The Conservatives have been losing some ground recently, but still have a clear lead over the Labour party.
|Party||2017 Votes||2017 Seats||Pred Votes||Low Seats||Pred Seats||High Seats|
Prediction based on eight opinion polls from 26 Nov 2019 to 03 Dec 2019, sampling 13,123 people (Pollsters: BMG, Savanta:ComRes, Opinium, Deltapoll, Survation, Kantar, ICM Research, YouGov).
This has the Conservatives around 10pc ahead of Labour with a predicted majority of 30 seats.
The three factors which could easily change this result are Campaign Swing, Pollster Error and Tactical Voting.
The graph below shows the key statistic of the rolling average lead of the Conservatives over Labour for both this election campaign and also the 2017 campaign.
Theresa May started the campaign with an impressive lead of around 20pc. This declined gradually and then faster in the last three weeks of the campaign. The final campaign polls showed a Conservative lead of around 7pc, but the polls were not correct and the actual lead was about 2pc.
This year, the Conservatives under Boris Johnson started with a moderate lead of 12pc which held fairly steady for about a month. But in the last two weeks, the Conservative lead has appeared to droop and seems to be shadowing the 2017 trajectory in a mostly downwards direction.
With eight days of campaign to go, it remains to be seen whether history will repeat itself or whether public opinion will move in a new direction.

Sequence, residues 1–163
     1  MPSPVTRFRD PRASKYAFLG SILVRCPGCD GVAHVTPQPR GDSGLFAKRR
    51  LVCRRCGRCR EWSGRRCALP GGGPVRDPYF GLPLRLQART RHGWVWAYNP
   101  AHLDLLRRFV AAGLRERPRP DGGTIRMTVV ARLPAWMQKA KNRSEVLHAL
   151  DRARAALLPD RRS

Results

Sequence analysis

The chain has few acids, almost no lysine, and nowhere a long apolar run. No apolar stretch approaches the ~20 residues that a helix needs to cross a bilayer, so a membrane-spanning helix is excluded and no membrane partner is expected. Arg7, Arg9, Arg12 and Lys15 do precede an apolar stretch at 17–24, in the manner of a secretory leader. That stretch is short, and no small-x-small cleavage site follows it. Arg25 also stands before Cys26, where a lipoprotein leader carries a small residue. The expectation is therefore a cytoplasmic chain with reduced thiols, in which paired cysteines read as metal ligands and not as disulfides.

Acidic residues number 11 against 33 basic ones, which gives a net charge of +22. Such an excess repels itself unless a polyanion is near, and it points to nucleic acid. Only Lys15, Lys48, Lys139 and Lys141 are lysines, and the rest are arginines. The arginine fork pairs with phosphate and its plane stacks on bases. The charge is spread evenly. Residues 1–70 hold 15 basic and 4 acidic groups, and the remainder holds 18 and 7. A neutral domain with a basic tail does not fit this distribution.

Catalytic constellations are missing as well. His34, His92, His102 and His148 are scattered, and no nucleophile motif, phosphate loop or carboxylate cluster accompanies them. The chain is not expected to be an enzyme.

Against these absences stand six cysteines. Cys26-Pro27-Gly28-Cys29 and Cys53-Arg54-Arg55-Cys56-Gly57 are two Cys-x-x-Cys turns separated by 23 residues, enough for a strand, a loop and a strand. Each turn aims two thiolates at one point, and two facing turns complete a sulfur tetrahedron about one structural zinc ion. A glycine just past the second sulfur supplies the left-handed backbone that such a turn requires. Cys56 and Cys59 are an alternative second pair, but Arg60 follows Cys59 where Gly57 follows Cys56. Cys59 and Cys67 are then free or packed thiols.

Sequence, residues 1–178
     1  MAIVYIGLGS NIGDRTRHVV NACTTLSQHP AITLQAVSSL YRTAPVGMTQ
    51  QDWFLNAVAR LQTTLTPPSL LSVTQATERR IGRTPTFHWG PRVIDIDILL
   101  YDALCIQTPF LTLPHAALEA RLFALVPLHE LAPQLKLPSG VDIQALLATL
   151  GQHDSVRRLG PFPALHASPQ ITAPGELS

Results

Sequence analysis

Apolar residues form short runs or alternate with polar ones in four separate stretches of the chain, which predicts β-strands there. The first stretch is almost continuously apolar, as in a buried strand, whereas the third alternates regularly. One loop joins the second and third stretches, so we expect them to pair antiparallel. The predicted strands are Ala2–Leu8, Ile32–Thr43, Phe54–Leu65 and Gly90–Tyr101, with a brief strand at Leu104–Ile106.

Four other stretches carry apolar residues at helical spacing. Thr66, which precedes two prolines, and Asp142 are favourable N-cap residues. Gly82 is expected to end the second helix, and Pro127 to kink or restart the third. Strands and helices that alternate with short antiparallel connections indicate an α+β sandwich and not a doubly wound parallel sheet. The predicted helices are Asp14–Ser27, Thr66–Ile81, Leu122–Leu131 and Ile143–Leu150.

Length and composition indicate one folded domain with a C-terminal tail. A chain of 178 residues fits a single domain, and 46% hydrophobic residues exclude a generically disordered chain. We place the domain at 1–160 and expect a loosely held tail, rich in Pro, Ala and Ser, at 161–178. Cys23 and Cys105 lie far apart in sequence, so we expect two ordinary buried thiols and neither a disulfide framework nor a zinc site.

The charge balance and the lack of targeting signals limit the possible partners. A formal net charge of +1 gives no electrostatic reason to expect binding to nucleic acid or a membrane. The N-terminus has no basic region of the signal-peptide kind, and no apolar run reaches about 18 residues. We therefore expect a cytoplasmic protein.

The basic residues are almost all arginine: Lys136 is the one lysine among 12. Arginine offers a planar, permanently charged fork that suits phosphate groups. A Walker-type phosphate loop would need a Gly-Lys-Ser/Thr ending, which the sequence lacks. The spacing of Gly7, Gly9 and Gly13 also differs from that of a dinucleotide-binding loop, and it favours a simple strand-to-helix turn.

Another cause of uncertainty is the divergence between pollsters. We took a recent poll from each of six major pollster, all of which were conducted at the same time, and converted the percentage support figures into seats. The chart shows that the number of seats predicted by win, for each pollster's estimated vote shares.
The number of seats won ranges from 327 (which would be a majority of just 4 seats) to 386 (which would be a landslide majority of more than 100 seats). So the prediction you get depends on the pollster whom you ask.
We can also calculate the chances of the various election outcomes.
An overall Conservative majority is the most likely outcome, with a chance of around two-thirds (66pc) or odds of two-to-one on. But a Labour minority government is also quite possible, with a chance of about one in five (19pc) of odds of four-to-one against. There is also a chance of a badly hung parliament with no obvious coalition and smaller chances of a majority Labour government or a minority Conservative one.